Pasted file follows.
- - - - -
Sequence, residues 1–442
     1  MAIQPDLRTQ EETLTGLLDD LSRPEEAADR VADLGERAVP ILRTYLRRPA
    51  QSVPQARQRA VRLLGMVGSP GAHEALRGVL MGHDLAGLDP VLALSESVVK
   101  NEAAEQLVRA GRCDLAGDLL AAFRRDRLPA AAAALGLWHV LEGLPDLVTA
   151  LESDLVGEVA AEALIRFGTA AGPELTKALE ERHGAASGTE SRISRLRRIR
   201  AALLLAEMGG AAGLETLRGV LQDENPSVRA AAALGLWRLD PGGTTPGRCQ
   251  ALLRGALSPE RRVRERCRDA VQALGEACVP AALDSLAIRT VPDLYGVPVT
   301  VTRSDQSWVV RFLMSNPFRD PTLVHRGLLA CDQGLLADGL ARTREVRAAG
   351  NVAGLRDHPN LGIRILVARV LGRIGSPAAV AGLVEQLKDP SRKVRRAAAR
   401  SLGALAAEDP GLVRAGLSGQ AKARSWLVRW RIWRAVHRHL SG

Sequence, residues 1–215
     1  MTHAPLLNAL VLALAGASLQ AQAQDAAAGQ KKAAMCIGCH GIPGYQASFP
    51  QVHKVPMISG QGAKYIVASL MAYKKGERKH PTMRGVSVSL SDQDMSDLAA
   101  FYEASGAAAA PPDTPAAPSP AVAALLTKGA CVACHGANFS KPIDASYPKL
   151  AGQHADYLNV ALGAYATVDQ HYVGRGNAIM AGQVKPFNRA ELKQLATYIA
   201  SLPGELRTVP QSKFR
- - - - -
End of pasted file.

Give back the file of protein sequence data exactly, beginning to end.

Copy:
Sequence, residues 1–442
     1  MAIQPDLRTQ EETLTGLLDD LSRPEEAADR VADLGERAVP ILRTYLRRPA
    51  QSVPQARQRA VRLLGMVGSP GAHEALRGVL MGHDLAGLDP VLALSESVVK
   101  NEAAEQLVRA GRCDLAGDLL AAFRRDRLPA AAAALGLWHV LEGLPDLVTA
   151  LESDLVGEVA AEALIRFGTA AGPELTKALE ERHGAASGTE SRISRLRRIR
   201  AALLLAEMGG AAGLETLRGV LQDENPSVRA AAALGLWRLD PGGTTPGRCQ
   251  ALLRGALSPE RRVRERCRDA VQALGEACVP AALDSLAIRT VPDLYGVPVT
   301  VTRSDQSWVV RFLMSNPFRD PTLVHRGLLA CDQGLLADGL ARTREVRAAG
   351  NVAGLRDHPN LGIRILVARV LGRIGSPAAV AGLVEQLKDP SRKVRRAAAR
   401  SLGALAAEDP GLVRAGLSGQ AKARSWLVRW RIWRAVHRHL SG

Sequence, residues 1–215
     1  MTHAPLLNAL VLALAGASLQ AQAQDAAAGQ KKAAMCIGCH GIPGYQASFP
    51  QVHKVPMISG QGAKYIVASL MAYKKGERKH PTMRGVSVSL SDQDMSDLAA
   101  FYEASGAAAA PPDTPAAPSP AVAALLTKGA CVACHGANFS KPIDASYPKL
   151  AGQHADYLNV ALGAYATVDQ HYVGRGNAIM AGQVKPFNRA ELKQLATYIA
   201  SLPGELRTVP QSKFR